A new approach to MS treatment?
Chronic cerebrospinal venous insufficiency or CCSVI is the name Italian Dr. Paolo Zamboni gave to a condition he described in 2008. Zamboni said CCSVI occurs when narrowed or blocked veins in the neck or chest interferes with blood flowing from the brain.
Small studies on people with MS suggest the blockages lead to different patterns of blood flow back to the heart. Blood leaves the central nervous system differently than normal. For example, it may flow more slowly, leading to swelling, or may move backwards or "reflux" into the brain.
In February 2010, a preliminary study by Dr. Robert Zivadinov of the neuroimaging analysis centre in Buffalo, N.Y., showed about 55 per cent of patients with multiple sclerosis and up to a quarter of healthy people studied show narrowing of their neck veins that may be a risk factor in the neurological disorder.
In April 2011, Zivadinov's larger study cast doubt on vein narrowing as a cause of MS. The study of 499 people included 289 people with MS. Half of the subjects with MS, 56 per cent, met the criteria for CCSVI. Since the people with more progressive MS were most likely to have vein blockages, the researchers speculated the condition may actually be a result of MS, not a cause.
Canadian Dr. Joseph Hewett has been doing neck vein angioplasty for about 15 years. He now performs balloon angioplasty on people with MS in southern California. He says Zivadinov's latest study has flaws and that he will continue doing the surgery until there's a "gold standard" study.
Different tests are used to diagnose CCSVI. Doppler ultrasound of the neck and skull may show if blood is refluxing. Venography, which involves injecting a dye into the veins to watch blood flow and possible stenosis in the azygous vein in the chest and the two internal jugular veins, is also used.
Doctors may also turn to more sophisticated tests using magnetic resonance venography and magnetic resonance imaging to look for abnormalities. Researchers are still investigating the best protocols and tests to use. There's been a debate over developing standards to diagnose the condition.
Treating the condition is more controversial. Zamboni's angioplasty-like procedure involves a small incision in the groin to insert a catheter into the blocked vein that is opened with a small balloon. In his small study, most of the 65 patients who had the procedure had fewer MS attacks and brain lesions, although the improvement was temporary for about half. A U.S. clinic at Stanford University in California that was doing Zamboni's procedure stopped after a metal stent put into a patient's vein moved into his heart.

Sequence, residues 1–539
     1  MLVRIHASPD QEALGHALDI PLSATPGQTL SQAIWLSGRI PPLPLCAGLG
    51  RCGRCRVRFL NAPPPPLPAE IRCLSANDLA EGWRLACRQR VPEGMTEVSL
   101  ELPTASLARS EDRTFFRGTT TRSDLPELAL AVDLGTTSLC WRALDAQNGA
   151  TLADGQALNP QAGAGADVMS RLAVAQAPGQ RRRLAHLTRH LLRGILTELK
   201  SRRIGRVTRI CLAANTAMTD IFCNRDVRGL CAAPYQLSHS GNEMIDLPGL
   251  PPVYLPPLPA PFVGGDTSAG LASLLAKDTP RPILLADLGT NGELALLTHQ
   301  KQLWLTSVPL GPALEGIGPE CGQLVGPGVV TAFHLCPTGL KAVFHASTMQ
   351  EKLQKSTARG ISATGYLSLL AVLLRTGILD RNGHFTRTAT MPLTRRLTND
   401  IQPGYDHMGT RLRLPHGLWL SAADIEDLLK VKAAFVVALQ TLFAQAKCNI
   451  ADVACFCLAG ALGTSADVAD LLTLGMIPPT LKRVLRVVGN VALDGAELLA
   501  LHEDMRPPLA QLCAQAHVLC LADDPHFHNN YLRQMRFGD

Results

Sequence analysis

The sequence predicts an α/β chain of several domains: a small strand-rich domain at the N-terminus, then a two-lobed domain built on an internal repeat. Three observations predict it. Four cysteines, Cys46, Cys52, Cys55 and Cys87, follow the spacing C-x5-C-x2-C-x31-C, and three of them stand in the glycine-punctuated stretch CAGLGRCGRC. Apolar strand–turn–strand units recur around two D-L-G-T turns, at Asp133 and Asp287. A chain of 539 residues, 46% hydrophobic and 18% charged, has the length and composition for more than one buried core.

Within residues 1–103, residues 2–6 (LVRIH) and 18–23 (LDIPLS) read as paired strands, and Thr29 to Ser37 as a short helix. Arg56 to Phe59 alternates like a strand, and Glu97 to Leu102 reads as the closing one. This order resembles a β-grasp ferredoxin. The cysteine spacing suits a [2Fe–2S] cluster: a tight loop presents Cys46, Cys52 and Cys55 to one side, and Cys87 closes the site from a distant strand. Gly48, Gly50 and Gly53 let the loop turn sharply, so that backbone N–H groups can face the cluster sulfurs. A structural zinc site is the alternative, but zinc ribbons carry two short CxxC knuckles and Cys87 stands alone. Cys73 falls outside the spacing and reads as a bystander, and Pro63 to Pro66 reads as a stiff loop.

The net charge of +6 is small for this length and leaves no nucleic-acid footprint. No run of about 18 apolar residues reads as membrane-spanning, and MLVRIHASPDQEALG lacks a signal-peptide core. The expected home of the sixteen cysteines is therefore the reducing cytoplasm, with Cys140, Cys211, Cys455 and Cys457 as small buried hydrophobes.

On Oct. 19, 2010, a St. Catharines, Ont., man died of complications months after undergoing the treatment in Costa Rica. Mahir Mostic, 35, had a mesh stent inserted into a vein in his neck in June. He returned to Costa Rica for treatment in October after a blood clot developed around the stent. He died a day after doctors tried to dissolve the clot.
In April 2011, Maralyn Clarke, 56, of Calgary died soon after the surgery in California.
There are some clinics in Canada that offer testing for CCSVI but not the procedure itself. The surgery is available in several countries, including the U.S., India, Mexico, Costa Rica, Poland, Romania, Bulgaria and Serbia.
Since word of Zamboni's work became public, Canadians with MS have been clamouring for the procedure and have travelled to various countries to seek it.
A review article in the Annals of Neurology challenged the role of CCSVI in MS and discouraged people with MS from having invasive procedures until the benefits are demonstrated more conclusively.
The findings need to be repeated in more patients and controls with consistent MRI protocols, the reviewers concluded. Further studies also need to be blinded, that is, researchers can't know which subjects have the disease and which don't, to help prevent bias. Given ethical concerns, MS patients who have the treatment are told to continue taking their disease modifying medications, which makes it harder to determine the effectiveness of the surgical treatment.
In June 2011, the federal government reversed its position on paying for early-stage clinical trials into using angioplasty to unblock veins in those with MS.
Previously, Health Canada refused to fund a large-scale trial of the procedure saying there was no scientific evidence yet that CCSVI works, is safe or that there is an established link between blocked veins and MS.
In June 2010, the MS Society of Canada and the U.S. National MS Society announced that they had committed $2.4 million to study CCSVI and its relationship with MS.
Several provinces and territories have also announced research projects into CCSVI.